By Dan McDonald
For Hometown News
BREVARD — Space Coast residents may not know it, but a focus meeting June 11 on the Melbourne Campus of Brevard Community College set in motion a long-envisioned program that will have a significant impact on the future well-being of Brevard County residents.
“I can’t tell you how exciting it is to begin the process of developing this new facility,” said Marian Shelpman, dean of the Institute of Public Safety at BCC. “For the first time, we’re going to have all the people who are taught how to look after our community in one place at the same time. It will be a major improvement in providing the education to those who serve and protect.”
The meeting discussed program-related details of a new Institute of Public Safety, housed in a 40,000-square-foot building to be constructed in Viera on land purchased by BCC and recommended by the Florida Department of Education.
The institute is set to replace an aged building constructed in 1972 on what had been an open-air gymnasium on the Melbourne campus.
The new facility, scheduled to open in 2014, will house a police academy and programs in fire science, emergency medical technicians, criminal justice, criminal science, corrections and 911 operators’ programs, which are currently located across BCC campuses in Titusville, Cocoa, Melbourne and Palm Bay, as well as off campus at Port Canaveral.
“It’s really time we bring all this training and education together in one spot,” said Ms. Shelpman, who came to BCC in 1994, as a coordinator and adjunct professor in correctional probation officer training.
“There is so much good that comes from cross-training and networking and meeting others in the same field of public safety,” she said. “The more interaction between those who are out on the street working to keep us safe, the better.”
Ms. Shelpman added that she and her team are eager to see the positive results that the new institute may bring to its students and the community as a whole.
“We don’t know how many graduates of these various programs there are, but over 40 years, we’ve graduated thousands and thousands of first responders, and Brevard County is literally full of our graduates who now hold leadership positions in public safety,” she said. “Having future students all under one roof will help develop coordination, as these new graduates move out and into the community. It’s a big win for Brevard.”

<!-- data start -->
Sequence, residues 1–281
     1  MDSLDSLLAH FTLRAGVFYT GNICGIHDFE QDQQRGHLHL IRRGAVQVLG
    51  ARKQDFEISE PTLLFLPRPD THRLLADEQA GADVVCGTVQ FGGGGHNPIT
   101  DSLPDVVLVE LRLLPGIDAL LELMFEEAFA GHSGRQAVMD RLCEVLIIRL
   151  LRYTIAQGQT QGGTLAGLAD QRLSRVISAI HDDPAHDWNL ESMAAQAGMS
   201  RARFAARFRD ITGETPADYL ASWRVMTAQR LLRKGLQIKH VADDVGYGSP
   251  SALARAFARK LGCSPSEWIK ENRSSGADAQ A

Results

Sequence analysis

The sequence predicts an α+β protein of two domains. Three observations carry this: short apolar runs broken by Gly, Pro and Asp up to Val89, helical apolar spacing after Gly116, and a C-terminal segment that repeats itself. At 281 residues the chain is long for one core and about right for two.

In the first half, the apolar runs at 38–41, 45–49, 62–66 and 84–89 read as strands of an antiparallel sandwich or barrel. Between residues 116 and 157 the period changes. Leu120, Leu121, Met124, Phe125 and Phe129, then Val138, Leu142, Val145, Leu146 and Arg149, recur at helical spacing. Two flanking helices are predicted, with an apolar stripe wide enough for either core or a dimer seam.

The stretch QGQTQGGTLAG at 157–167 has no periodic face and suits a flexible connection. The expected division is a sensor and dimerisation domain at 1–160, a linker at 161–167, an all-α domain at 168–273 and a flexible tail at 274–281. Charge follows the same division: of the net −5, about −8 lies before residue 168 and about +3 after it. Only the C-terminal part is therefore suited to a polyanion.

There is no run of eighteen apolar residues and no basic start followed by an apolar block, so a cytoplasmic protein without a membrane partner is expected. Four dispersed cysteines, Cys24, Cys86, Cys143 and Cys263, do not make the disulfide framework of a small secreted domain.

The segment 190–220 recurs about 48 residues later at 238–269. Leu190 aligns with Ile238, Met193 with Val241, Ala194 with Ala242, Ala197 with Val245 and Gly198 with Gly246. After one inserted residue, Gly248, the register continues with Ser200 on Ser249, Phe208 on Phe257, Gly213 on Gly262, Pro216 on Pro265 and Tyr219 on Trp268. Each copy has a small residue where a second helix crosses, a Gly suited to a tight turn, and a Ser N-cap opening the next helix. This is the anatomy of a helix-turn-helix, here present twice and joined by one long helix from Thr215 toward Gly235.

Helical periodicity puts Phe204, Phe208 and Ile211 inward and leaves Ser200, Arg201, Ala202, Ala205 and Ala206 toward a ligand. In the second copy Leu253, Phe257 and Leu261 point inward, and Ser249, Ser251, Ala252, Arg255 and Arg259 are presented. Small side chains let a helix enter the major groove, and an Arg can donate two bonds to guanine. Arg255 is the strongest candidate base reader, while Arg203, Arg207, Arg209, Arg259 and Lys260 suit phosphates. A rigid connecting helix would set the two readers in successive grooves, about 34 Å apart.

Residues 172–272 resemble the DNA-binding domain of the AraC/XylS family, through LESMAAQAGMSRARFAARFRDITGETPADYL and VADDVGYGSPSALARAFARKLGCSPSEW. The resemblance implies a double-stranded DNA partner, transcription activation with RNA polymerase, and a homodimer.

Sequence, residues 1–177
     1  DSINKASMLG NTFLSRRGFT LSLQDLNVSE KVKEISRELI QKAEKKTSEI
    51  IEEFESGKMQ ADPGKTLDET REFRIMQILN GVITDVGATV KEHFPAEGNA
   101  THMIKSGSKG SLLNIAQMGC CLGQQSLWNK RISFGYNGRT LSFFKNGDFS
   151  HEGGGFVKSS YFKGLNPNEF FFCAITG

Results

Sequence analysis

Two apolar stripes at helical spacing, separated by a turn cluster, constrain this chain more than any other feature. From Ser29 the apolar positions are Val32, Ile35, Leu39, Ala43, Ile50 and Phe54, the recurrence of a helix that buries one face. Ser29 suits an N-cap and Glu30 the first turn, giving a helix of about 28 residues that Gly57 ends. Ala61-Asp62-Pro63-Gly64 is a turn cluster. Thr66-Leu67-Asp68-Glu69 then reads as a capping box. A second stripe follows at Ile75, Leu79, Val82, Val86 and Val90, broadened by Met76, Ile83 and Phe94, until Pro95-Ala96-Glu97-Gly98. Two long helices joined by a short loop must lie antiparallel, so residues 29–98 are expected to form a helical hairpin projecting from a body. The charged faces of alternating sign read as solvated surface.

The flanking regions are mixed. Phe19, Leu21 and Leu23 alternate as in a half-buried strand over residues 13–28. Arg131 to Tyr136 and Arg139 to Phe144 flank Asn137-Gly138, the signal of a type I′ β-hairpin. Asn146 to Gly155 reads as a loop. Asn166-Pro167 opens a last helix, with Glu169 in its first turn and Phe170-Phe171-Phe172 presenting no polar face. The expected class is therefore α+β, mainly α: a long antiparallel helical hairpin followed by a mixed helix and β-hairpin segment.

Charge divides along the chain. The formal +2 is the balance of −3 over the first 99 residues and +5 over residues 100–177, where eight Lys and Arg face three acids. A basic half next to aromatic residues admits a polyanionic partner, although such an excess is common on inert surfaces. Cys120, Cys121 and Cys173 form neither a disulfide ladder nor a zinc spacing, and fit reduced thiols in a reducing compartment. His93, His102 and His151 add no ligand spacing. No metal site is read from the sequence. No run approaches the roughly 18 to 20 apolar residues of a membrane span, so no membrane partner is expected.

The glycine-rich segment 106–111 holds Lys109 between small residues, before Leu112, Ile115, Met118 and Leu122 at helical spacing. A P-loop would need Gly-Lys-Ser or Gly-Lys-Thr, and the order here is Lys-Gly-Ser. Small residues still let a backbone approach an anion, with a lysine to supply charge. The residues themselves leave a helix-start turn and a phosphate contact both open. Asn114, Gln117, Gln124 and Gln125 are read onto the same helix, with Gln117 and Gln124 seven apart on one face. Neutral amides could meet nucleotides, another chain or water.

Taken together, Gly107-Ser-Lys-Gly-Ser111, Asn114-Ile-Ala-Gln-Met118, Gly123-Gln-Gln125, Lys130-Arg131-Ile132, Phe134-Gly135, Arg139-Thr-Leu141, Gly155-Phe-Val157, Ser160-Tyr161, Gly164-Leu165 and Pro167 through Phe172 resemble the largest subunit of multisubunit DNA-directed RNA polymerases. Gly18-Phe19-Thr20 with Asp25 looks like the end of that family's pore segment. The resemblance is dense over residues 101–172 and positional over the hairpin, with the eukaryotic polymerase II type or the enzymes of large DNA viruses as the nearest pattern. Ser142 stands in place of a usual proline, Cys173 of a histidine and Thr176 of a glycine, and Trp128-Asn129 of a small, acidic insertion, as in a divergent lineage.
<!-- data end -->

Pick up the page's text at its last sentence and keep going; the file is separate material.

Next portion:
Money for the $14 million construction is already on hand, thanks to a $26.7 million special appropriation from the Florida Legislature, slipped into the state’s $70 billion budget and signed by Gov. Rick Scott April 17.
The special appropriation is in addition to the $36 million allotted to BCC annually for general operating expenses, and allows officials to target several other areas of need. This is in addition to the new institute, which has been on hold for several years, as the state tightened the fiscal belt and dealt budget cuts to BCC.
John Glisch, associate vice president for communications at Brevard Community College, said the special allocation would also be used to advance programs and help students succeed and make needed building renovations.
“We have been putting off making needed repairs and renovations to our existing buildings for several years,” Mr. Glisch said. “For example, in 2006, BCC received 60 percent of its operating budget from the state appropriation. Now, with our current level of funding, we’re at 50 to 51 percent of our operating budget.”
In addition to the $14 million allocation to purchase land, install infrastructure and build a new Institute of Public Safety, the college also received an additional $7 million for college program enhancements to help ensure student success, including a variety of initiatives.
These initiatives include:
• The newly opened Career Planning and Development Center on the Cocoa Campus, which takes a holistic approach to matching students with the right careers through advisement, jobs fairs and recruitment.
• Opening Teaching and Learning Centers on all four campuses, which are designed to improve academic performance by using full-time faculty tutors and staff to focus on the basic skills students need, but sometimes lack when entering the college.
• Enhancing student advisement to ensure students are fully integrated into the college during their first few weeks and months in college.
Additionally, the college also received another $5.7 million for building improvements and renovations.
BCC serves approximately 35,000 students across four campuses, while the Institute of Public Safety will continue to turn out hundreds of health and safety practitioners annually, Mr. Glisch said.